Suffering & Lament

“Therefore I will not restrain my mouth; I will speak in the anguish of my spirit, I will complain in the bitterness of my soul” (Job 7:11).

In the midst of his suffering, Job does what anyone would do. He complains. However, the grounds for the complaint are found in the same person as the one to whom the complaint is made. Job's appeal is made to and on the basis of who God is. Consequently Job's complaint to God is marked by a lack of idolatry. This is sacred complaint because God remains God.


If I follow Job's example in my own sufferings I can shout to the heavens, vent my anger, appeal for mercy, wish for my own death, plead for the end of the earth, if and only if, my appeal is made to God and the basis for my appeal is God himself. If I appeal to some kind of form of goodness, I make an idol. If I appeal to fairness, as if I deserve better, I make an idol. If my appeal does not recognize the fact that there is no super-god to whom the one I am complaining to is accountable, then I make an idol.

Job's complaint is made in the full knowledge that there is no higher authority than God, that no part of the earth is not his, that every event is God's, every rupture on Job's dying skin belongs to God since the skin and the whole body belong to God. Job's complaint is marked with submission to God and that makes it holy.

Job's complaint is also not the same as a demand for an answer. Job is well aware that he has no “right” to a reply. This is what makes it a lament. Nicholas Wolterstorff, who lost his son in a climbing accident, explains that his crying out to God is to voice his suffering, “naming it and owning it... I cry out for deliverance... I cry out for an explanation.” But he does not know if he will receive an answer because, “to lament is to risk living with one's deepest questions unanswered.”1

Stiff upper lip wont do either. "Suck it up" some might suggest, but Job lets his feelings out in words. Walter Brueggemann argues that the stifling of lament results in violence. This is what happens in relationships where one party is unable to voice their hurt. Brueggemann remarks that the powerful agent in a transaction could silence the powerless, but that this would cause the sufferer to swell with anger until he bursts forth into violent actions.2 According to Brueggemann, Job's primary response to his friends is a refusal to be silent. His friends keep talking and as they do they suppress Job's voice. Job listens but bursts out in voice.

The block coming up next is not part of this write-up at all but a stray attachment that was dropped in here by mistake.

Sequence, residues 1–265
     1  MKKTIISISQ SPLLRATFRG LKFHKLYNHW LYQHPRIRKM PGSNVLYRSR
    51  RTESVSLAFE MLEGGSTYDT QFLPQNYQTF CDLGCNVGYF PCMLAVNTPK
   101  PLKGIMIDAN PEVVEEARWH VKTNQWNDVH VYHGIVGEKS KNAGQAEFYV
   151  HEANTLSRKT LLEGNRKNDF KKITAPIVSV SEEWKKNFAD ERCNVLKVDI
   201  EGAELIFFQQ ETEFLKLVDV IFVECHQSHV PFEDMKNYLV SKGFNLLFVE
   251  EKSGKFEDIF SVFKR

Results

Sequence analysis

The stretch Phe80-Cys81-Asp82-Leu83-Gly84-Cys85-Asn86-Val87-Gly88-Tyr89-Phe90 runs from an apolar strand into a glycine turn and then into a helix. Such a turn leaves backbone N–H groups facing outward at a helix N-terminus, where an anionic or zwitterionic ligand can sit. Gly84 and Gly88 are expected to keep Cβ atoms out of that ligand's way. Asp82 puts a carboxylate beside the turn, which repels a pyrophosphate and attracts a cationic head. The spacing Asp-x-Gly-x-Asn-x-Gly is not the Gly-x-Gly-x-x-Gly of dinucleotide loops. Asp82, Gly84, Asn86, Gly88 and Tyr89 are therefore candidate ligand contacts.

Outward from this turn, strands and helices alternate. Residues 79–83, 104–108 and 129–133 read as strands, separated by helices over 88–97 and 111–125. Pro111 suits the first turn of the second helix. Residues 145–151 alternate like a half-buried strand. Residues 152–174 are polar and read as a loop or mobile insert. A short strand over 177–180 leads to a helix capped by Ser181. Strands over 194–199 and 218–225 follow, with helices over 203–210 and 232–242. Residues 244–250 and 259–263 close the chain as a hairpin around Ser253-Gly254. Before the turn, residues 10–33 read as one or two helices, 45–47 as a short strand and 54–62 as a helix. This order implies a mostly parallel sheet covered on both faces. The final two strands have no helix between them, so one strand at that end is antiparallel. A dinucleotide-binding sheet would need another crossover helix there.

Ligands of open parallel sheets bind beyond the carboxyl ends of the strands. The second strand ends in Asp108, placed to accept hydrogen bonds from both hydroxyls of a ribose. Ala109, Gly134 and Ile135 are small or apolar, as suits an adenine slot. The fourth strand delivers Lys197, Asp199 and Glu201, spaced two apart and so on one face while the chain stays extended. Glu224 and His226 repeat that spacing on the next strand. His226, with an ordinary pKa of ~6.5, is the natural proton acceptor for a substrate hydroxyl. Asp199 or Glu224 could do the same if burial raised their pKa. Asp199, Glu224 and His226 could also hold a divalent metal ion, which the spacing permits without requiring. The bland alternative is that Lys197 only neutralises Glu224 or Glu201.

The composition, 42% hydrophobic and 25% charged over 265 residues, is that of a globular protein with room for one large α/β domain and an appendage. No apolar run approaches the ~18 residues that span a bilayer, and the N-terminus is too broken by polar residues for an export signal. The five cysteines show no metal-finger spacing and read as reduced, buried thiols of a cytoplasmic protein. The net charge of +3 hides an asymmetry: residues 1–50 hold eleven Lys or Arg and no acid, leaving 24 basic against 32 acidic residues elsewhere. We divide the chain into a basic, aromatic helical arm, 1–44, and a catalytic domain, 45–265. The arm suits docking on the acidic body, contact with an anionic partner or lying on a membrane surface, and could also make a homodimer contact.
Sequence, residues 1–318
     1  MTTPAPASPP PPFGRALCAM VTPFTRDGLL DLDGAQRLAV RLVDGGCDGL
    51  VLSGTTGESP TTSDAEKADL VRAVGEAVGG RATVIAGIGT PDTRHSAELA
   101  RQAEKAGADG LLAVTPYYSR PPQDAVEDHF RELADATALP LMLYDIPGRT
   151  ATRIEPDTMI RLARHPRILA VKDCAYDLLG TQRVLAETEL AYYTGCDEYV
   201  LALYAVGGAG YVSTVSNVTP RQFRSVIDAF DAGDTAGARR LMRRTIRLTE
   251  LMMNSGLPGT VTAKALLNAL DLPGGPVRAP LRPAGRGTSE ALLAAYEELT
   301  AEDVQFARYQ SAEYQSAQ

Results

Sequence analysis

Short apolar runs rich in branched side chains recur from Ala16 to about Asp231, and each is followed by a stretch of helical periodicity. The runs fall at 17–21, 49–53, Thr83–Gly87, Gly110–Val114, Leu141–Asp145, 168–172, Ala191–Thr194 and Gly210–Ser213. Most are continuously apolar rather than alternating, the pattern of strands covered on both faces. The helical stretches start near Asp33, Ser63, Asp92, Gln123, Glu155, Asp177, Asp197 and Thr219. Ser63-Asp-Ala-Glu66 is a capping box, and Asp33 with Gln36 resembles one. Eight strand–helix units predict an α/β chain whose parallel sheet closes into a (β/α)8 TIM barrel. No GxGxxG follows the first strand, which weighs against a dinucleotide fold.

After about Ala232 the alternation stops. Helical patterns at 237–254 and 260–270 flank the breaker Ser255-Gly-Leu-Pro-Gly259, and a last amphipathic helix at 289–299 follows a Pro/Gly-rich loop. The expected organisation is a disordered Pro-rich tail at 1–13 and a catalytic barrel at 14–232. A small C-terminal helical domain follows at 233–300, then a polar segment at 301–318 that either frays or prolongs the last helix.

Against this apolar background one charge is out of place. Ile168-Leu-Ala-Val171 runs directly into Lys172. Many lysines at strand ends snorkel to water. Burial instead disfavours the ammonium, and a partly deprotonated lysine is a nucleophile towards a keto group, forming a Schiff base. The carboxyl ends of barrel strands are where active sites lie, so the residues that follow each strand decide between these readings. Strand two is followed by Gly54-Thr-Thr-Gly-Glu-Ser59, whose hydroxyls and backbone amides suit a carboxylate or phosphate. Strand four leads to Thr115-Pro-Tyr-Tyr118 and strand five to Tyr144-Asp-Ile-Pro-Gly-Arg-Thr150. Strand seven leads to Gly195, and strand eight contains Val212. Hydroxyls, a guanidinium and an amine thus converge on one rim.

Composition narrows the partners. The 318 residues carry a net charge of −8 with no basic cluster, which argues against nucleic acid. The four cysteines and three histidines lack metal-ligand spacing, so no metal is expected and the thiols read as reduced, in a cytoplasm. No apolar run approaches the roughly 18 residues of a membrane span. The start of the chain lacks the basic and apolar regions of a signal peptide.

As long as Job's friends sit silently with him, Job has no reason to doubt that his friends care, feel compassion and understand what he is going through.4 The narrator says that his friends were intent on showing Job sympathy and on comforting him (Job 2:11). Those intentions could not be in doubt while they sat with Job (Job 2:13). Moreover, we are told that the reason his friends sat in silence with him is that they “saw that his suffering was very great” (2:13). However, when the statutory time of mourning is over, Job breaks the silence. From this time fourth Job's primary aim is to speak out. But it appears that Job's friends want for the opposite. They appear to wish to block Job's speech, to somehow speak for him and to him. It is clear that the reader is led to doubt the intentions of the friends to comfort and console Job. Job considers their help to be like doctors who cannot do their jobs – “worthless physicians” (Job 13:4). It is clear that his friends are a great disappointment to him. Just as they fail in their treatment of Job, they fail to be his friends.

1Nicholas Wolterstorff, “If God is Good and Sovereign, Why Lament?” Calvin Theological Journal 36 (2001), 52.
2Walter Brueggemann, “Voice as Counter to Violence,” in Calvin Theological Journal 36 (2001), 22.
3Ibid., 23.
4Warren McWilliams Where is the God of Justice? (Peabody: Hendrickson, 2005), 37.
5Nicholas Wolterstorff, Lament for a Son (Grand Rapids: Eerdmans, 1987).

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